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Monday, 17 August 2009
Page: 8092


Mr SIMPKINS (7:46 PM) —This is not the first time I have spoken on matters of human rights in Vietnam and it will not be the last. I put forward this motion to again highlight the lack of freedoms in Vietnam. I have spoken before in the parliament about the repression of democracy, free speech, the internet and freedom of religion. In this motion I will speak of the Most Venerable Thich Quang Do, Patriarch of the Unified Buddhist Church of Vietnam, and his sacrifices and struggles for freedom of religion, for freedom of speech and for the sort of liberty that one day will allow Vietnam and the Vietnamese people to reach a great potential.

In January 2008 a European magazine chose the Most Venerable Thich Quang Do as one of the 15 champions of world democracy. This courageous and resilient man was born as Dang Phuc Tue on 27 November 1928 in Thai Binh province. He is the head of the Unified Buddhist Church of Vietnam. He is also one of the best known and consequently most prominent dissidents in Vietnam. That prominence has not come cheaply, as freedom does not come cheaply when one opposes authoritarian regimes. Now 81, the Most Venerable Thich Quang Do has been a monk since the age of 14. Originally from the north, at the age of 17 he saw his master summarily executed by a revolutionary people’s tribunal. He was therefore able to see the standards of justice and control that the future Communist government of Vietnam would one day offer the whole of the country.

It should be remembered that Thich Quang Do’s master was not a combatant but a holy man. It has been widely said that by witnessing and being disturbed by that experience, Thich Quang Do’s resolve was strengthened and he was determined to pursue Buddhist teachings of nonviolence, tolerance and compassion. It is important to realise that before 1975 and the fall of the Republic of Vietnam the Unified Buddhist Church of Vietnam was the largest Buddhist organisation in South Vietnam. It had brought together Buddhists of the two major traditions, Theravada and Mahayana, and it was very active in peace and human rights, with links to international peace organisations. It was because of his profile in those cases that the Communist government of Vietnam saw the Unified Buddhist Church and its leadership as a threat to their absolute control. From 1975 the government planned and implemented persecution of the church and its members, including the seizure of property. This culminated in a forced unification into the government’s Vietnam Buddhist Church.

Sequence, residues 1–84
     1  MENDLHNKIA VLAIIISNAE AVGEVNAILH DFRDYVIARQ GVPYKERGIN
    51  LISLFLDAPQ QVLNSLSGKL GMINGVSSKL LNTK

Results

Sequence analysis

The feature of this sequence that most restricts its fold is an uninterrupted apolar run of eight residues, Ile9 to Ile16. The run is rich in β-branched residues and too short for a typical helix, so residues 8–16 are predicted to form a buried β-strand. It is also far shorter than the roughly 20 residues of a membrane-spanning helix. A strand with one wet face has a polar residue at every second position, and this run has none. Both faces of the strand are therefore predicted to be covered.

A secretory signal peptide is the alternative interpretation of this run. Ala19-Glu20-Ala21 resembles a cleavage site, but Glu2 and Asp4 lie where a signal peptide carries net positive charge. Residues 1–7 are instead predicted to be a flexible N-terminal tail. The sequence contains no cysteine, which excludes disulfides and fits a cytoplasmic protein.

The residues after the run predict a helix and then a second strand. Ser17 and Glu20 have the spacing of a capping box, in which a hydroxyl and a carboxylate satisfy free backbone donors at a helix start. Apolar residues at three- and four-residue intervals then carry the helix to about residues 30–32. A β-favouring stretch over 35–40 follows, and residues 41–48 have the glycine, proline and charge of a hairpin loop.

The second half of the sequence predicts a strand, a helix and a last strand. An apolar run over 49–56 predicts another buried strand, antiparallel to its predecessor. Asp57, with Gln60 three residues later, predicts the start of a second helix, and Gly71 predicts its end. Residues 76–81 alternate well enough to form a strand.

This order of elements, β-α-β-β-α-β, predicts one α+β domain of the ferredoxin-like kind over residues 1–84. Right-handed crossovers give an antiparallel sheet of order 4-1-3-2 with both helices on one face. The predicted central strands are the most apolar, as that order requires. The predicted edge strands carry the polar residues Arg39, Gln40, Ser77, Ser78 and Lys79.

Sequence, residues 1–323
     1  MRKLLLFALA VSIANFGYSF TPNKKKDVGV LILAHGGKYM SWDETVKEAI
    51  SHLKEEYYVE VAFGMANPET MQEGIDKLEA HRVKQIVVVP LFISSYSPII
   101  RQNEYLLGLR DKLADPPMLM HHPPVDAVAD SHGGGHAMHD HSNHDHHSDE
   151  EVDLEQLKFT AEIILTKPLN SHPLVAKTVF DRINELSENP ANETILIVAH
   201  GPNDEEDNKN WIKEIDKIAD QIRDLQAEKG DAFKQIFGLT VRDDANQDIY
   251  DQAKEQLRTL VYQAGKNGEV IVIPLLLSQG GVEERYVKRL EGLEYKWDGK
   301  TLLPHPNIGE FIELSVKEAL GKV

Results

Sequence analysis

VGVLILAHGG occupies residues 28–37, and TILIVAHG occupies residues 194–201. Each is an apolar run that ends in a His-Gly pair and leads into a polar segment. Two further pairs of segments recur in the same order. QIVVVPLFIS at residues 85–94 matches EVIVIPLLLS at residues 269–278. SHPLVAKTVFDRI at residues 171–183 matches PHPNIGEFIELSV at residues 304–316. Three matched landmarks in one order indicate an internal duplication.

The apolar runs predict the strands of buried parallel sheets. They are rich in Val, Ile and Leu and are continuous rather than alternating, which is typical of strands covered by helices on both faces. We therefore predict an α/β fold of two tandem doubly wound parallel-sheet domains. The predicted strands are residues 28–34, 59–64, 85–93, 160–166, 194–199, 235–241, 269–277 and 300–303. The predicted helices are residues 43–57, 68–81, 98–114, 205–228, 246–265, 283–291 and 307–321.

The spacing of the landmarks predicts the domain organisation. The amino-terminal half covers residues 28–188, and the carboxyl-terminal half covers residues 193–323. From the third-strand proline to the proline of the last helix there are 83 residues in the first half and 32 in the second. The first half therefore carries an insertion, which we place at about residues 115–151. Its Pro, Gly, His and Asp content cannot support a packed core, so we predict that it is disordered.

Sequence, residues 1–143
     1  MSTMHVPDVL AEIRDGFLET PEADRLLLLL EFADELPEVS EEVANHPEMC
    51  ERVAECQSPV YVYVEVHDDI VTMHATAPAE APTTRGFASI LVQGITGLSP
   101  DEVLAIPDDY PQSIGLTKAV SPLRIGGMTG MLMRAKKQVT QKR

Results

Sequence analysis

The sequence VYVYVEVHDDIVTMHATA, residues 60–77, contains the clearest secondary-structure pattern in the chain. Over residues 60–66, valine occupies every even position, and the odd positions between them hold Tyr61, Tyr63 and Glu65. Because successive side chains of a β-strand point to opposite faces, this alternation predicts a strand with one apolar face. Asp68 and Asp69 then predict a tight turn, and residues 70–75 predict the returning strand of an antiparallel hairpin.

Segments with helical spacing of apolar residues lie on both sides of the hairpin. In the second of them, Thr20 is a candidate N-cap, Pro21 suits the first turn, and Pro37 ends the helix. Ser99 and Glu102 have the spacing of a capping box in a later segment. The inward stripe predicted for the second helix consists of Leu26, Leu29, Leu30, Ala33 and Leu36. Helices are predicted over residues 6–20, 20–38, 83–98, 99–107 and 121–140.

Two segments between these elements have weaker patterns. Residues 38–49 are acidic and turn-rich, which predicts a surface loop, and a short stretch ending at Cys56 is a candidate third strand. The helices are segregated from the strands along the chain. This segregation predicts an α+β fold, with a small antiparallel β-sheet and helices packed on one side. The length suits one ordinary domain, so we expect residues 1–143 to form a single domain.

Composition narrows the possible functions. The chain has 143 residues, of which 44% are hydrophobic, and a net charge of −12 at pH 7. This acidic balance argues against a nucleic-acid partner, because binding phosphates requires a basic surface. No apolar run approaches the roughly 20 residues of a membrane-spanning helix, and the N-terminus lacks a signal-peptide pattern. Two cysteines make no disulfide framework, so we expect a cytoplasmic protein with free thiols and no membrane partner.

The Patriarch of the Unified Buddhist Church at the time, the Most Venerable Thich Huyen Quang, and his deputy, Thich Quang Do, spoke out against the government and its sponsored church. This resulted in their being arrested, internally exiled and even tortured. In 1977 Thich Quang Do was detained for 20 months, all in solitary confinement, for raising the issue of human rights. It was in 1982 that Thich Quang Do was sent to internal exile for 10 years. This punishment was imposed in reality because of the protests about the Communist government’s ban on the independent Unified Buddhist Church of Vietnam. It was in 1992 that he returned to Saigon, and in 1994 he wrote a confronting 44-page document that detailed the persecution and excesses by the Communist Party of Vietnam against the Unified Buddhist Church. He was arrested in 1994 for writing that document and then jailed for three years for his involvement in organising food relief for flood victims and distributing letters by the then Patriarch, Thich Huyen Quang. He was again released in 1998, whereupon he repeatedly raised human rights abuses in Vietnam. This resulted in him being regularly arrested and interrogated.

He was strongly nominated for the 2000 Nobel Peace Prize. Since June 2001, he has been under house arrest. In July 2008, on the death of the previous patriarch, the Most Venerable Thich Quang Do assumed leadership of the free church. Much of his life has been spent in detention. Twenty-seven years of his life have involved jail or house arrest, all in the course of peaceful advocacy of human rights, democracy and of course religious freedom. Beyond his importance to the Buddhists inside and outside Vietnam, the Most Venerable Thich Quang Do is an inspiration of courage, integrity and honour. He should be released immediately. Freedom of religion and freedom of speech and democracy should not be dreams but realities. We honour and applaud Thich Quang Do as a great human rights leader of our time.

To conclude, this evening I wear the lapel badges of the republic of Vietnam and of Viet Tan, the Vietnam Reform Party. It is a great honour to speak on behalf of Vietnamese Buddhists in my electorate.